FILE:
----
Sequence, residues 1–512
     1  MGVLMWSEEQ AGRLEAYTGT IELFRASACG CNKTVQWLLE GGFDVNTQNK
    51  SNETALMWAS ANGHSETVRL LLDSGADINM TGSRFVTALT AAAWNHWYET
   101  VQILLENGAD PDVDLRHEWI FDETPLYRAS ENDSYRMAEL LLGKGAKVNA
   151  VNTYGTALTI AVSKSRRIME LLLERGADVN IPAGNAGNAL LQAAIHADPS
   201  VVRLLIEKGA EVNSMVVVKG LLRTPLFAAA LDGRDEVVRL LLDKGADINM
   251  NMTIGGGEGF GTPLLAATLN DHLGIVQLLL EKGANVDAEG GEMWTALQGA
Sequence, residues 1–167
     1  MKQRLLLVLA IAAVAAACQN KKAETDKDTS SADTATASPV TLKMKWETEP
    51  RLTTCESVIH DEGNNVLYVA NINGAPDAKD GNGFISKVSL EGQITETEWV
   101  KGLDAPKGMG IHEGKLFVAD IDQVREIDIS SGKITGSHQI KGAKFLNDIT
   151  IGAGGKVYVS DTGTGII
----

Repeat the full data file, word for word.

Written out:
Sequence, residues 1–512
     1  MGVLMWSEEQ AGRLEAYTGT IELFRASACG CNKTVQWLLE GGFDVNTQNK
    51  SNETALMWAS ANGHSETVRL LLDSGADINM TGSRFVTALT AAAWNHWYET
   101  VQILLENGAD PDVDLRHEWI FDETPLYRAS ENDSYRMAEL LLGKGAKVNA
   151  VNTYGTALTI AVSKSRRIME LLLERGADVN IPAGNAGNAL LQAAIHADPS
   201  VVRLLIEKGA EVNSMVVVKG LLRTPLFAAA LDGRDEVVRL LLDKGADINM
   251  NMTIGGGEGF GTPLLAATLN DHLGIVQLLL EKGANVDAEG GEMWTALQGA
Sequence, residues 1–167
     1  MKQRLLLVLA IAAVAAACQN KKAETDKDTS SADTATASPV TLKMKWETEP
    51  RLTTCESVIH DEGNNVLYVA NINGAPDAKD GNGFISKVSL EGQITETEWV
   101  KGLDAPKGMG IHEGKLFVAD IDQVREIDIS SGKITGSHQI KGAKFLNDIT
   151  IGAGGKVYVS DTGTGII